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How has Executive Order 14028 affected federal cybersecurity so far? | #hacking | #cybersecurity | #infosec | #comptia | #pentest | #ransomware

Recently, the United States Government Accountability Office issued an update on the progress of Executive Order 14028, Improving the Nation’s Cybersecurity.

In 2021, the White House identified 55 leadership and oversight requirements that needed to be met to improve cybersecurity in federal IT systems, with all systems needing to meet or exceed the standard outlined. Executive Order (14028) on Improving the Nation’s Cybersecurity elaborated on the reasons for the requirement, stating that the “prevention, detection, assessment and remediation of cyber incidents is a top priority and essential to national and economic security.”

Additionally, the executive order (EO) said that completing these was essential because the government should lead by example to encourage the private sector to also reduce the risk of cybersecurity breaches and attacks.

The EO designated the agencies responsible for implementing the requirements: the Department of Homeland Security’s Cybersecurity and Infrastructure Security Agency (CISA), the National Institute of Standards and Technology (NIST) and the Office of Management and Budget (OMB).

The key requirements of this order focused on cybersecurity solutions including:

  • Removing barriers to threat information
  • Modernizing federal government cybersecurity
  • Enhancing software supply chain security
  • Establishing a cyber safety review board
  • Standardizing the federal government’s playbook for responding to cybersecurity vulnerabilities and incidents
  • Improving the federal government’s investigative and remediation capabilities

Update on progress toward the requirements

The April 2024 update reported that the three responsible agencies completed 49 of the requirements. The requirement for standardizing the playbook for responding to cybersecurity vulnerabilities and incidents was determined to be not applicable. Additionally, the agencies have partially completed the remaining five requirements.

Of the key requirements, modernizing federal government cybersecurity is the only one completely fulfilled. The efforts in that area included implementing or beginning implementation of zero trust architecture for federal agencies, securing cloud services and centralizing access to cybersecurity data.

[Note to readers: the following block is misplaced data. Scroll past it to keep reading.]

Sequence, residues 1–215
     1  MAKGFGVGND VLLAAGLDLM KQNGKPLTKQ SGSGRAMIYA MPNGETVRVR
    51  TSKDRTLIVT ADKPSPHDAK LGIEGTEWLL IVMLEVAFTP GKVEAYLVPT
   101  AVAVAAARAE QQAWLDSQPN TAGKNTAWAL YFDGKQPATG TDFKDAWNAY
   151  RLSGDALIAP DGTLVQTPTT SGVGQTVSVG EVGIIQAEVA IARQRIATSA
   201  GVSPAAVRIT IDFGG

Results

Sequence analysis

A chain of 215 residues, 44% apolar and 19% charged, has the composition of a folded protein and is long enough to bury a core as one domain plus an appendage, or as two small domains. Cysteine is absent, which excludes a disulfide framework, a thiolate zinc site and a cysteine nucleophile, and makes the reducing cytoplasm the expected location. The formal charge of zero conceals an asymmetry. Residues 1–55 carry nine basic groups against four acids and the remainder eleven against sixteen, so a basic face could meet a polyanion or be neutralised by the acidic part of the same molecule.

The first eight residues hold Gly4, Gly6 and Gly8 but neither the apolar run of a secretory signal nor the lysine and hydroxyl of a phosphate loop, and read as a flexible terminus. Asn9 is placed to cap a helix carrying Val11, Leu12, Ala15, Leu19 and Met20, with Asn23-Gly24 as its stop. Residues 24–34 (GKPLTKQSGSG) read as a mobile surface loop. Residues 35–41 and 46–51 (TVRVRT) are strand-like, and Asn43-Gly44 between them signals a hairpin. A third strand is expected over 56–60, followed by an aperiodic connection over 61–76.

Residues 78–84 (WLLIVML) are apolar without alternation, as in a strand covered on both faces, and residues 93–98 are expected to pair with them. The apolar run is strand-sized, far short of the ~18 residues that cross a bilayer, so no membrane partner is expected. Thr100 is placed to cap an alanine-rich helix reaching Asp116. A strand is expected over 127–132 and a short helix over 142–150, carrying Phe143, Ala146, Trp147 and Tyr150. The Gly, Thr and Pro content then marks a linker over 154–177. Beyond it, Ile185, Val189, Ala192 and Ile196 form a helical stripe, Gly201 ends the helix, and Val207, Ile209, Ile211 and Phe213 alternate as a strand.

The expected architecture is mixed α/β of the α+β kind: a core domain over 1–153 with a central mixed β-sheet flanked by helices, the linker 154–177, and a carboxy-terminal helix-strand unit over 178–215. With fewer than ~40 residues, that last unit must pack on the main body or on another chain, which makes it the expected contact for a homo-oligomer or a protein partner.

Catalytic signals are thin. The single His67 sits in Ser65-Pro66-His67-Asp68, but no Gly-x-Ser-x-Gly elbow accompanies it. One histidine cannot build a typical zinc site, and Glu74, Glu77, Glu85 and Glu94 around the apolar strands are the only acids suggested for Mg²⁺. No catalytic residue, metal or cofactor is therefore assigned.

Other initiatives included addressing unclassified data, making progress on implementing multifactor authentication and encryption and developing a cloud security technical reference architecture documentation.

Outstanding requirements remain

While the update commended the agencies on their efforts toward improving federal cybersecurity, the conclusion stressed the importance of completing the remaining requirements.

The five remaining requirements are:

1. Incorporate into the annual budget process a cost analysis of the steps to be taken in this section.

While the OMB partially incorporated a cost analysis into the annual budget process, they did not provide evidence for details on the implementation of all leadership and oversight requirements in the order.

2. Identify and make available to agencies a list of categories of software and software products in use or the acquisition process meeting the definition of “critical software.”

CISA and OMB assisted NIST with the criteria and guidelines for required federal government software security measures. CISA, OMB and NIST also created a definition of critical software and a preliminary list of common categories of software that are consistent with that definition. However, CISA did not issue the list of common categories of software by the September 2023 deadline.

3. Review the recommendations provided to the president for improving the board’s operations and take steps to implement them as appropriate.

CISA has not provided evidence of the steps taken to improve operations through recommendations for improving future operations. The update states that this step is key to allowing the board to effectively conduct its future incident reviews.

4. Ensure that agencies have adequate resources to comply with the requirements for adopting EDR approaches.

Although OMB reported that they had incorporated endpoint detection and response (EDR) within their guidance to agencies for budget submissions and included EDR in the list of FISMA metrics in fiscal year 2023, the agency was not able to provide proof of this documentation. The update shares the concern that without the proof, it’s possible that agencies will not receive sufficient funding for EDR initiatives.

5. Work with agency heads to ensure that agencies have adequate resources to comply with requirements for logging, log retention and log management.

OMB gave guidance to agencies regarding logging, such as log retention and log management. However, OMB did not demonstrate that the agencies had enough resources to implement logging, log retention or log management.

The update made specific executive action recommendations for the five remaining requirements to be completed by December 31, 2024.


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